When Fatima Hamioni and Gary Colclough built their dream home from scratch, they made sure its stunning view of the countryside was its main feature.But now a wind farm could be built on neighbouring land, ruining their rural outlook. The couple had been hoping to sell their home in Knighton, on the Shropshire-Staffordshire border, for £395,000 so they could move to Alsager. But the week they put the three-bedroom property on the market, they discovered Nuon Renewables was thinking of erecting nine 100m tall turbines nearby. The couple spoke out after around 120 people braved the wind and rain to attend a public meeting on the issue at Knighton Village Hall. Ms Hamioni, aged 36, said: “No-one in their right mind will want to pay £395,000 knowing there is a possibility of a wind farm. You are buying the view.
When the Siddells moved to rural Ayrshire, they hoped for a life of peace and quiet. Now, at night, they say they can’t hear the television properly because of the wind turbines that loom over their converted steading.
RESIDENTS living near a proposed wind farm in Midlothian fear their properties will drop in value as a result of the development.
A Drefach-felindre Action Group has called on planning chiefs to turn down an application for three new turbines at Blaen Bowi windfarm.
WIND farm chiefs have denied claims that turbines would have an adverse affect on neighbouring house prices. In last week's Courier Laxton resident Robert Tyrall said that the area around the proposed Sixpenny Wood Wind Farm at Balkholme had already seen a property price drop of 30 per cent.
"If they go ahead it will cause serious devaluation of properties in the area. I understand that wind energy is probably going to be the thing of the future, but they are just too big for this area. I can't see that anyone in the local area is going to benefit from them apart from the greedy landowners."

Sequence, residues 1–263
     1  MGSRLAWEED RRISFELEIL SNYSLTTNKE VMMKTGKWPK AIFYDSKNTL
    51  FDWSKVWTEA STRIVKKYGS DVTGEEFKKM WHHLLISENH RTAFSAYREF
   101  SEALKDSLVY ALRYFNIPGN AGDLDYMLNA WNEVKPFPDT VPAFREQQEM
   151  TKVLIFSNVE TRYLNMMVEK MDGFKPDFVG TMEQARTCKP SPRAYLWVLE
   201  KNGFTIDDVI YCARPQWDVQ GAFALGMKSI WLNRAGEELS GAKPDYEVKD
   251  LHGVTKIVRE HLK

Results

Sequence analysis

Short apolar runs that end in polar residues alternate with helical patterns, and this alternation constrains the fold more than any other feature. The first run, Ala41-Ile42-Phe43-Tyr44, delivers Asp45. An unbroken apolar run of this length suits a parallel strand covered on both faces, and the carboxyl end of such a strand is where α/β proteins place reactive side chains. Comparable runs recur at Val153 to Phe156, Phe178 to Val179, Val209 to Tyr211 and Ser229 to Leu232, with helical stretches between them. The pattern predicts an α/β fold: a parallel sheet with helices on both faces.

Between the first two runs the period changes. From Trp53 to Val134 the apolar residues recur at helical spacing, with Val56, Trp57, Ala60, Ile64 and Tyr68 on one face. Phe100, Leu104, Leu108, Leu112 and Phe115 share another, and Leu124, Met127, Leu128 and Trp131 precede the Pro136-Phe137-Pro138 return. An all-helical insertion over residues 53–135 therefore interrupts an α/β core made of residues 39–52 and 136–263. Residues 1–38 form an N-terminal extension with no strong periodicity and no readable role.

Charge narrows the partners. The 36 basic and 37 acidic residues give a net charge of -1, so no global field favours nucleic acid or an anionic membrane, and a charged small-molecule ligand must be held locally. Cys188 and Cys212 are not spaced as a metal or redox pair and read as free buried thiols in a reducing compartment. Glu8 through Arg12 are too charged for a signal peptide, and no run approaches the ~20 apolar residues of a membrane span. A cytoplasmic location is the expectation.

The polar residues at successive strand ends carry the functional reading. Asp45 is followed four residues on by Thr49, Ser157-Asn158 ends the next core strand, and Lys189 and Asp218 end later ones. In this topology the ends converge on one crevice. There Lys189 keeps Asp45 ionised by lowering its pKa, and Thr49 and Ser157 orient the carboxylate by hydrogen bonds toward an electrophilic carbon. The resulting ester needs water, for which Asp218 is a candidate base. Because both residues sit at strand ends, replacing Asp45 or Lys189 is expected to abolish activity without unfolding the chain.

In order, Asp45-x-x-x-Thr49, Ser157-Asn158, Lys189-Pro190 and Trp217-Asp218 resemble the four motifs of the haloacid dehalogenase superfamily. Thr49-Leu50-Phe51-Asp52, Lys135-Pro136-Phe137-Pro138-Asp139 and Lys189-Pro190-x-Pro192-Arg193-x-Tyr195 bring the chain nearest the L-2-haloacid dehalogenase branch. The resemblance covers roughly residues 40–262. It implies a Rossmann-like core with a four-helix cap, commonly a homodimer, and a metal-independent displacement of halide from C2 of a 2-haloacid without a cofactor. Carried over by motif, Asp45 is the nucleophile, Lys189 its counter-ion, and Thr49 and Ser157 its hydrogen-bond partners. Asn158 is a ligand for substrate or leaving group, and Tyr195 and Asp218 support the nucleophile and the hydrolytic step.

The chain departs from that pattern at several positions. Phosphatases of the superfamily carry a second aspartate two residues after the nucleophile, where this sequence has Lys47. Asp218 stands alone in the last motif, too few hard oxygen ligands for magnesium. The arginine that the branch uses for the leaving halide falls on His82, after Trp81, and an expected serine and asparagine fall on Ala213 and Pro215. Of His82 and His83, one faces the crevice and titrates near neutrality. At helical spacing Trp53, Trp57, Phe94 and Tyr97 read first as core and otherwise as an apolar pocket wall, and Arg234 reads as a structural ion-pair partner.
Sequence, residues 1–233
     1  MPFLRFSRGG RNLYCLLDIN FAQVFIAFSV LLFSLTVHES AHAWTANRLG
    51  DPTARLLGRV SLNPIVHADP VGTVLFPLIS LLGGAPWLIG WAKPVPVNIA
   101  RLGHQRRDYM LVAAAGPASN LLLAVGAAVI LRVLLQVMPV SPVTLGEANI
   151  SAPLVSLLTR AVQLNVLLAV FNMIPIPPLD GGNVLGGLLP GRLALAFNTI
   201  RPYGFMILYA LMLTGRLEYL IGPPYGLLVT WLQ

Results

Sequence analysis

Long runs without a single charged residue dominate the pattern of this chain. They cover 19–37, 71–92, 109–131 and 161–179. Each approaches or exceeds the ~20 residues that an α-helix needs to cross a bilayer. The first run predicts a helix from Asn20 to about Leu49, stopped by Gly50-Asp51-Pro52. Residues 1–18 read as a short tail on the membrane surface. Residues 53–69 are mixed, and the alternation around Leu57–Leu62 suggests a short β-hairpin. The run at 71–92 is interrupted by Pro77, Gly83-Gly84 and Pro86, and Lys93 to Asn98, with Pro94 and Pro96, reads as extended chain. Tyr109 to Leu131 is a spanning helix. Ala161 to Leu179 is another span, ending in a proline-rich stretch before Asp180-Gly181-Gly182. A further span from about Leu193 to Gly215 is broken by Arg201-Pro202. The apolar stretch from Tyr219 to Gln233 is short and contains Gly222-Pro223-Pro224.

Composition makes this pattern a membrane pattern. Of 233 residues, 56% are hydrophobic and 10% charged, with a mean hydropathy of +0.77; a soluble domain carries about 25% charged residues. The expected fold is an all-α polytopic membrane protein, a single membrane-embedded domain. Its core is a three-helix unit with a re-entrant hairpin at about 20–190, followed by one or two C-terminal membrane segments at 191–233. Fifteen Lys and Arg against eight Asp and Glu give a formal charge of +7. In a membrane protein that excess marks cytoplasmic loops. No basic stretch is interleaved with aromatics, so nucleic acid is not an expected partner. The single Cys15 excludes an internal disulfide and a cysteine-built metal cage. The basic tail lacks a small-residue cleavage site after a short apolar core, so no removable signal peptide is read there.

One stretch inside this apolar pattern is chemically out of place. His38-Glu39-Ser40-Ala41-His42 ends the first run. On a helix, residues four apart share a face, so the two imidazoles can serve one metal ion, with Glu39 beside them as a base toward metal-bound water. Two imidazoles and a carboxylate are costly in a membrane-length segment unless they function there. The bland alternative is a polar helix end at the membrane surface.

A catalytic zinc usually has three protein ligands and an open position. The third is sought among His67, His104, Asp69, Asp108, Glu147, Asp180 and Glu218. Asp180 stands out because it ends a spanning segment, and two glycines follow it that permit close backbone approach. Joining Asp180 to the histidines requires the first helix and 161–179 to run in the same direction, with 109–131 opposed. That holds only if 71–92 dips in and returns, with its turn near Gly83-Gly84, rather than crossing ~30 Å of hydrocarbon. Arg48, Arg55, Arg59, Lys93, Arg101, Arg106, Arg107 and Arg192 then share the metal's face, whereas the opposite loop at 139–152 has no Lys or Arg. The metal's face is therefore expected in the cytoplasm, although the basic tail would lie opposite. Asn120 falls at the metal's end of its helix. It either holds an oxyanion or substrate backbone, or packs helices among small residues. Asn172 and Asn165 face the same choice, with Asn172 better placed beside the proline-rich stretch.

The Royal Institution of Chartered Surveyors' report to which they refer is clear on these points. Their chief economist, in summation of the results, says: "Our survey shows a clear majority who find that a windfarm nearby suppresses house prices." Editor's Note: The report is available via the link below.
A green energy company has had to change website claims about the effect wind farms have on property prices.
But a survey published today has supported many residents' fears; that windfarms have a negative impact on house prices.
A FURNESS couple have won a legal ruling proving that the value of their home has been "significantly diminished" by the construction of a windfarm nearby, reports Justin Hawkins.
Executive Summary -60% of the sample suggested that wind farms decrease the value of residential properties where the development is within view -67% of the sample indicated that the negative impact on property prices starts when a planning application to erect a wind farm is made -The main factors cited for the negative impact on property values are: o visual impact of wind farm after completion o fear of blight o the proximity of a property to a wind farm -Once a wind farm is completed, the negative impact on property values continues but becomes less severe after two years or so after completion ..... -The survey suggests that wind farms do not impact on residential property values in a uniform way. The circumstances of each development can be different -This report points to a need for further research to track the impact of wind farms and to examine in particular whether the nature of any adverse impact diminishes as wind farms become an increasingly familiar part of the rural scene.
Written in 2000 by the Country Guardian, the UK's leading 'action group', this report addresses comprehensively wind issues in the UK. As one of the first papers of its kind, it is generally viewed as a 'classic' and 'required reading' for those interested in becoming thoroughly familiar with the diverse impacts of industrial wind.